Okay. Why does he want that? Presumably because then Republicans will put that number in all their 2022 election political ads. Democrats vote to spend this large number. Look at how large that number is, grrr.
I mean, even though all the Democrats are really doing is voting to pay the credit card bill for that spending that has already been incurred, Republicans nevertheless want them to name the number. That`s all they want, a TV ad talking point for next year`s elections. Or the country gets it. Or we`ll put the country in a recession deliberately.
Well, right now, Senate Democrats are meeting to decide if they`re going to accept this offer. They`re going to give into this very weird little extortion plot? We`re watching that unfold right now. That`s sort of showdown one that`s happening right now as we speak.
We`re expecting a decision at least a counteroffer from the Democrats perhaps later tonight, maybe tomorrow. Again, that`s one.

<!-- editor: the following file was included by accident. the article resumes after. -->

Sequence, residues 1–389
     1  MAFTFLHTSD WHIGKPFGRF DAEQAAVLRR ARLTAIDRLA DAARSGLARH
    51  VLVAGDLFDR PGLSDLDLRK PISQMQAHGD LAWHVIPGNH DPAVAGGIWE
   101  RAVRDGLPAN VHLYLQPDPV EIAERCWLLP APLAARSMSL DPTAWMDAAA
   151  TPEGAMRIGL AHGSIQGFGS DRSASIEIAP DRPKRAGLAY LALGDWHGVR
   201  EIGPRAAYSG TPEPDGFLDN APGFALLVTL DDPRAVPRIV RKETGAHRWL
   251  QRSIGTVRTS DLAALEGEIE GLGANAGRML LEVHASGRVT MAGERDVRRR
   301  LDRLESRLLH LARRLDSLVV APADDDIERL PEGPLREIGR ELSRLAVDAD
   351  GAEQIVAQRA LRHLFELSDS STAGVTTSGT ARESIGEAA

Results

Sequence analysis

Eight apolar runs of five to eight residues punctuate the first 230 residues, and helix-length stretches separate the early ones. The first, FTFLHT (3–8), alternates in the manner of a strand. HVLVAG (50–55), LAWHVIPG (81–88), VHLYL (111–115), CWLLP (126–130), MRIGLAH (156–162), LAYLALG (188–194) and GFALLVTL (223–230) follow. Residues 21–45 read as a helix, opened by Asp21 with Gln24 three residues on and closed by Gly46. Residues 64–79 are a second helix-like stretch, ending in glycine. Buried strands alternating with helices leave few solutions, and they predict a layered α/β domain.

The other showdown right now doesn`t really involve the Republicans anymore. It is happening entirely within the Democratic Party. And this is over whether Democrats are going to be able to pass their own agenda. President Biden`s agenda, the legislation with all the president`s priorities in it, from childcare to community college to health care, to climate initiatives.
The agenda that President Biden campaigned on and one on, the agenda that Democrats campaigned on and won on. And something like 96 percent of Democrats in Congress are on board with passing this. And they can do it without any Republican votes. But they need all the Democrats to vote for it.
And there are these couple of Democratic holdouts, Democratic Senator Joe Manchin of West Virginia and Kyrsten Sinema of Arizona, we have this evenly divided Senate so every single Democrat has to be on board in order to pass the president`s agenda.
And over the last several weeks, we`ve had all this reporting that President Biden is negotiating with these two attention-starved senators constantly. The president personally talking to them for hours. He`s actually said he has spoken with each of them for tens of hours.